Standards for Canadian organizations

2020 Edition

Domestic Violence Services (CA-DV) 7: Promoting Child Well-Being

The organization works with survivors to support and promote the well-being of their children.
NA The organization does not serve survivors who have children.
2020 Edition

Currently viewing: DOMESTIC VIOLENCE SERVICES (CA-DV)

VIEW THE STANDARDS

Purpose

Individuals who receive Domestic Violence Services gain a sense of empowerment, improve their well-being, and increase their ability to live safely and independently.
1
All elements or requirements outlined in the standard are evident in practice, as indicated by full implementation of the practices outlined in the Practice Standards.
2
Practices are basically sound but there is room for improvement, as noted in the ratings for the Practice Standards; e.g.,
  • Minor inconsistencies and not yet fully developed practices are noted; however, these do not significantly impact service quality; or
  • Procedures need strengthening; or
  • With few exceptions, procedures are understood by staff and are being used; or
  • For the most part, established timeframes are met; or
  • Proper documentation is the norm and any issues with individual staff members are being addressed through performance evaluations and training; or
  • Active client participation occurs to a considerable extent.
3
Practice requires significant improvement, as noted in the ratings for the Practice Standards. Service quality or program functioning may be compromised; e.g.,
  • Procedures and/or case record documentation need significant strengthening; or
  • Procedures are not well-understood or used appropriately; or
  • Timeframes are often missed; or
  • Several client records are missing important information; or
  • Client participation is inconsistent. 
4
Implementation of the standard is minimal or there is no evidence of implementation at all, as noted in the ratings for the Practice Standards; e.g.,
  • No written procedures, or procedures are clearly inadequate or not being used; or 
  • Documentation is routinely incomplete and/or missing.      
Self-Study EvidenceOn-Site EvidenceOn-Site Activities
  • Procedures for referring children to services
  • Policy prohibiting corporal punishment
  • Procedures for evaluating educational needs and collaborating with schools, if applicable
  • Community resource and referral list
  • Interviews may include:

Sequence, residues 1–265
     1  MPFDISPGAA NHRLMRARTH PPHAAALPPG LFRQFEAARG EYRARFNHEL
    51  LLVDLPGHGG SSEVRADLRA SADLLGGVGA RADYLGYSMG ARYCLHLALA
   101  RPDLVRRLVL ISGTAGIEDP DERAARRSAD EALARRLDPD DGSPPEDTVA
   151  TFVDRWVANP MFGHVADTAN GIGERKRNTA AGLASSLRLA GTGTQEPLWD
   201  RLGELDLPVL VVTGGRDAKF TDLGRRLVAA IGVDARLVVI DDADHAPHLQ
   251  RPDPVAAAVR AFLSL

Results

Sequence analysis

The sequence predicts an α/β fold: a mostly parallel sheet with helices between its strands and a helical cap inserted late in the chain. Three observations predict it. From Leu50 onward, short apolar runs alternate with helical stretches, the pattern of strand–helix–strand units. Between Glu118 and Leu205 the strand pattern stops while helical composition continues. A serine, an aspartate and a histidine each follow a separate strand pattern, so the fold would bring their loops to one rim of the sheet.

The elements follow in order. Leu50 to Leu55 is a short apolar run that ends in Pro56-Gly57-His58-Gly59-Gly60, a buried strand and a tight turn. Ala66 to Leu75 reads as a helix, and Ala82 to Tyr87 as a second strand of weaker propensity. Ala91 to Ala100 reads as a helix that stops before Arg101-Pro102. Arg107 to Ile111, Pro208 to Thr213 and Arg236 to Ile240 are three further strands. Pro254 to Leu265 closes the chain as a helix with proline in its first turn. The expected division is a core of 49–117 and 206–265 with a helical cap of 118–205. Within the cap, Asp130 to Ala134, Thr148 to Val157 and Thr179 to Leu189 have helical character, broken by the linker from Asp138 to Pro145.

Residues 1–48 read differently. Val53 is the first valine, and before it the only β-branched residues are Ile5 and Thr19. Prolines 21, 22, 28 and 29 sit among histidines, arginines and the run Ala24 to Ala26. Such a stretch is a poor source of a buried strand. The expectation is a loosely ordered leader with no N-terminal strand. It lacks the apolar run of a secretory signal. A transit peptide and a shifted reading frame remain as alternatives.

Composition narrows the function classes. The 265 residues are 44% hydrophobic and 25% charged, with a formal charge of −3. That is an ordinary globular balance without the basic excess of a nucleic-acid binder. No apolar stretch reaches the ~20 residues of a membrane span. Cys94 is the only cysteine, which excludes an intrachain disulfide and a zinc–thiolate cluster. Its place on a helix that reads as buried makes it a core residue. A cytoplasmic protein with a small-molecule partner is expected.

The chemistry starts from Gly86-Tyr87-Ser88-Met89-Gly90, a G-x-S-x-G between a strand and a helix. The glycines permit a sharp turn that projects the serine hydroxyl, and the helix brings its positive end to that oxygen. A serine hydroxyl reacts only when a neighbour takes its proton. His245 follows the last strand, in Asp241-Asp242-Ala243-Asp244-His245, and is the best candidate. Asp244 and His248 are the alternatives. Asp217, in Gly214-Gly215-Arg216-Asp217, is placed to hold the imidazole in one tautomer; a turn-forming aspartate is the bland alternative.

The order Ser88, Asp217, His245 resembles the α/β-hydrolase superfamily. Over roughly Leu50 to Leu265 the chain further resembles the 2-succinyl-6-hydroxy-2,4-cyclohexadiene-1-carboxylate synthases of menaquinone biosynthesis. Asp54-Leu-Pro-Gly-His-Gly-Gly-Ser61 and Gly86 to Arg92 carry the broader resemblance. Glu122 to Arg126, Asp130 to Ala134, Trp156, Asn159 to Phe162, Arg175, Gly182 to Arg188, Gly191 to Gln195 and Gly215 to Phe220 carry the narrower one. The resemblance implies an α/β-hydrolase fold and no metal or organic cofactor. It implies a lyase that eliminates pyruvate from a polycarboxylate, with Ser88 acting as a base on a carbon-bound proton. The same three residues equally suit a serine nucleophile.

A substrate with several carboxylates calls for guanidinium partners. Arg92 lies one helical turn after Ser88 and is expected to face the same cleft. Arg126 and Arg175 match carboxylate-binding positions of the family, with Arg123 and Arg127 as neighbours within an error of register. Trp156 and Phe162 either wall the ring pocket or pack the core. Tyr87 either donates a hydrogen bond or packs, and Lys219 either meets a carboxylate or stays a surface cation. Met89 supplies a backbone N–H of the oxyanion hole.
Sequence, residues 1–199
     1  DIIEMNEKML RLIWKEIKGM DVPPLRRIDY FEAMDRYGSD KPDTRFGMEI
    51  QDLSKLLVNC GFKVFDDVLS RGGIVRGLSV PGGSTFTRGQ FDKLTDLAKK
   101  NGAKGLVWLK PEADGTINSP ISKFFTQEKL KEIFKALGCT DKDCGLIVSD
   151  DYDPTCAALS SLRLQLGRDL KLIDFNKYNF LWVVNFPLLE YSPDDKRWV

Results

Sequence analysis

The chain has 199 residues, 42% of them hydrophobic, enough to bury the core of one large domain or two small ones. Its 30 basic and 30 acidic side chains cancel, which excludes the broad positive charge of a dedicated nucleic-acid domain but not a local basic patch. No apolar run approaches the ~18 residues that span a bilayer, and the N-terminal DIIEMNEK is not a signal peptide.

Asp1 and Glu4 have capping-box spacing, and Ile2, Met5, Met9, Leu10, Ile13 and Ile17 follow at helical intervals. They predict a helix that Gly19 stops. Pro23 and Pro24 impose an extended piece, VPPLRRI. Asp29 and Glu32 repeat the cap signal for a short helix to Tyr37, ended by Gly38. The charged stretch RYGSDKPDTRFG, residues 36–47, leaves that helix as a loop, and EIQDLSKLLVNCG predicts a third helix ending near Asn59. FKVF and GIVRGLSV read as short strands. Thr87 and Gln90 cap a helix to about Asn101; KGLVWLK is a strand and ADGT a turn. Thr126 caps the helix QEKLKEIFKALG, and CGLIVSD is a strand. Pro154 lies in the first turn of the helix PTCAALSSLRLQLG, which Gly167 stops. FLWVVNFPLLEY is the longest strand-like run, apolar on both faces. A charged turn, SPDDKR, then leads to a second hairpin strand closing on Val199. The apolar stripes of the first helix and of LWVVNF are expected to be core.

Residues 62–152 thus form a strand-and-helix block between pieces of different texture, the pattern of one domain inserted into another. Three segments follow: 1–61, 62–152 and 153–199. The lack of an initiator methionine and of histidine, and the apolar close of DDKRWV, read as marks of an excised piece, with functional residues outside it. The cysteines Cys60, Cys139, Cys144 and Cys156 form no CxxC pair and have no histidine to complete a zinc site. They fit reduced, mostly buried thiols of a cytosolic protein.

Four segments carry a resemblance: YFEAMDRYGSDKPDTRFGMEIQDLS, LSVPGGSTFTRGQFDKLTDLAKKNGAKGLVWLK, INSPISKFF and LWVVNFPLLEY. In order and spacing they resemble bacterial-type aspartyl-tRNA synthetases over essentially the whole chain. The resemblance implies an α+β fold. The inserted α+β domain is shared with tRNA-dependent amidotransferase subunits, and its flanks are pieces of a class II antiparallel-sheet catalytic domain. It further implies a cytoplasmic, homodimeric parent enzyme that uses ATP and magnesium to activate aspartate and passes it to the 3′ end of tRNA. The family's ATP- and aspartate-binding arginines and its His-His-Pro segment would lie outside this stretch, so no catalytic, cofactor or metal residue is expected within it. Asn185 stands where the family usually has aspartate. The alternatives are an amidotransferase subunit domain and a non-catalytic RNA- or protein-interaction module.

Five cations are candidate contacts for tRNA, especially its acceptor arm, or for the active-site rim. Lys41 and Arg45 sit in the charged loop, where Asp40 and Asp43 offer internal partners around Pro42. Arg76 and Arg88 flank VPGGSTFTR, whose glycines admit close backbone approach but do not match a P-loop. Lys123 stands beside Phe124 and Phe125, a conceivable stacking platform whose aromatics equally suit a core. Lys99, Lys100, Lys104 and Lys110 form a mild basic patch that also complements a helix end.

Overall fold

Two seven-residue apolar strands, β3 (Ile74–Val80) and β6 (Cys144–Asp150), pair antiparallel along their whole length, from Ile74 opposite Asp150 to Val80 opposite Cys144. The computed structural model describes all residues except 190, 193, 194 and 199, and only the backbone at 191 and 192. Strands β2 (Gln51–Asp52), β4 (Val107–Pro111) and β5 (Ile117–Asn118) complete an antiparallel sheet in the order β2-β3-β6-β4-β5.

1. Program director
    2. Relevant personnel
    3. Survivors, and their children if appropriate
  • Review case records

 

CA-DV 7.01

To promote child well-being, the organization supports survivors’ efforts to care for and nurture their children, and:
  1. offers age-appropriate programming that meets children’s social, emotional, cognitive, and physical needs; or
  2. links children with appropriate services offered by other community providers.
Examples: Appropriate programming and services can include play groups, recreational activities, educational activities, counselling, and therapeutic services.

 
Fundamental Practice

CA-DV 7.02

To promote positive parenting practices, the organization:
  1. establishes a policy that prohibits corporal punishment of children by parents, personnel, and safe home providers;
  2. ensures all parents, personnel, and safe home providers are informed of this policy; and
  3. promotes, and educates parents, personnel, and safe home providers about, alternatives to corporal punishment.

 

CA-DV 7.03

Organizations providing shelter or safe home services evaluate the educational status and needs of school-age children and youth and:
  1. inform survivors of their children’s educational rights;
  2. help survivors coordinate educational services with relevant school districts; and
  3. assist children and youth to stay current with the curricula.
NA The organization does not provide shelter or safe home services.

 
Fundamental Practice

CA-DV 7.04

The organization evaluates children and youth for their ability to participate in athletic activities and obtains as necessary: 
  1. a written, signed permission slip from their parents or legal guardians; 
  2. a medical records release; or
  3. a signed document from a qualified medical professional stating that the child or youth is physically capable of participating.
NA The organization does not offer athletic activities.

 

CA-DV 7.05

When a survivor’s children are involved with child protective services, and with the survivor’s permission, the organization collaborates with the child protective services agency to:
  1. provide needed education about the dynamics of domestic violence;
  2. ensure that family problems are addressed in a cohesive and comprehensive manner; and
  3. promote the best interests of both survivors and their children.
NA The organization does not serve survivors whose children are involved with child protective services.